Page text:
FVTC hosts Midwest Dairy Challenge
February 10, 2014
From postcrescent.com: “FVTC hosts Midwest Dairy Challenge for college and technical school students” — NEW LONDON — The temperature hovered just below zero Thursday morning as two buses of students from colleges and technical schools in Kansas, Minnesota, Ohio and Wisconsin filed into a barn at Sugar Creek Farm.
They were there for the Midwest Dairy Challenge, a competition featuring teams of students who conduct a detailed analysis of farming operations, said Kevin Rauchholz, an instructor at Fox Valley Technical College.
Students walk through dairy farms, examining everything from cow comfort, feed quality and ventilation to milking parlor management. With their observations and the farm’s financial information, the teams put together a presentation on what the farm is doing well, and areas where it could improve.
FVTC hosted the challenge this year, ushering students to Sugar Creek Farm and Country Aire Acres in Greenleaf.
At Sugar Creek Farm — an operation with 1,200 cows — students walked through the foggy barns, picking up feed and sifting through it. They counted how many cows were in a given space, and measured how wide the lanes were for the cows to walk through.
Outside, they examined feed storage before moving inside to the milking parlor. Cows stood above the students in the parlor waiting to be milked. Walls of 20 automatic milking machines on the right and left made way for a lane in between, where two workers cleaned the cows’ udders and attached the milkers.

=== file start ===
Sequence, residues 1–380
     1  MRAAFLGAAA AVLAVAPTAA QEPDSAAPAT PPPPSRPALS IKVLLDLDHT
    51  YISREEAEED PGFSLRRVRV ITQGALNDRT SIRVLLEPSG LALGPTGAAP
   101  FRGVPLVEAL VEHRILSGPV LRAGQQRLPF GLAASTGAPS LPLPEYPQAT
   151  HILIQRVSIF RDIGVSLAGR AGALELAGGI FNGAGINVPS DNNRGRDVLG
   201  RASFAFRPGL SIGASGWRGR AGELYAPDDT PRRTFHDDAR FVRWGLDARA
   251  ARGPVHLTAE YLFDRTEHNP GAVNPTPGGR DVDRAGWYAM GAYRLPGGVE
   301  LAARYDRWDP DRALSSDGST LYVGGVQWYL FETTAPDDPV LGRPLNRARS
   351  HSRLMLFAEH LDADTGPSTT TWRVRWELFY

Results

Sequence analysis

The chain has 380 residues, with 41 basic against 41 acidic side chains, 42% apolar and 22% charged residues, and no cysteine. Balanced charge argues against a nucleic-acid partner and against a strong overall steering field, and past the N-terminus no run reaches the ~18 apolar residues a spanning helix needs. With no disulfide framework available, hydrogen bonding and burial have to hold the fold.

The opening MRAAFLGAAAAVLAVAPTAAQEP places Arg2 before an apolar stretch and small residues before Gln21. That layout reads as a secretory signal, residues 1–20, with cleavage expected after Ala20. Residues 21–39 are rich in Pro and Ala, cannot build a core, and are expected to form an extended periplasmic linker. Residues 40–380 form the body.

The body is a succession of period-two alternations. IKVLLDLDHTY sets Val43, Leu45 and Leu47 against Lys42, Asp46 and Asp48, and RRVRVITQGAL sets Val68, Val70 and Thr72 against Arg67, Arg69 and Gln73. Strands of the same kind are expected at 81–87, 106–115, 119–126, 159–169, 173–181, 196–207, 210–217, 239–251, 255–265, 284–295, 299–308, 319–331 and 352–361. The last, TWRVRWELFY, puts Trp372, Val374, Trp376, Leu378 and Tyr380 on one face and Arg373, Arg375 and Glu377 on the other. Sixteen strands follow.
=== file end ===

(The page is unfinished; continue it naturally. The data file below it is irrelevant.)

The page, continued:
Students milled down the gangway, watching how the udders were prepped and timing how long it took a group of cows to finish milking.
Matthew Bull competed in the challenge four years ago. Now he works for Cargill, and returned to the contest this year as a volunteer.
Bull said the experience gives students an opportunity to apply what they’ve learned and make connections with potential employers.
“Here with the students today are a host of industry professionals representing different companies … so that exposure with the students is really beneficial for them as they enter their junior and senior years in college and some into the workforce later on this year,” Bull said.
John Schmidt, another Cargill representative, said the challenge showcases various career paths in agriculture, which helps students determine what they’re interested in.
In potential employees, Schmidt said he looks for students who are inquisitive, professional and confident.
“We want people who have confidence in what they know, but not so much that they’re afraid to ask questions if they don’t know something,” Schmidt said.
After two hours on the farm, students spent the rest of the day working on their projects. They presented them Friday.
No matter who won, the students walked away with appreciation for the event.
“Today was a great learning experience,” said Darcy Steffes, a student at the University of Wisconsin-Platteville. “It’s nice to go to different farms and get a look at what you can help them with so they can be more profitable in the future.”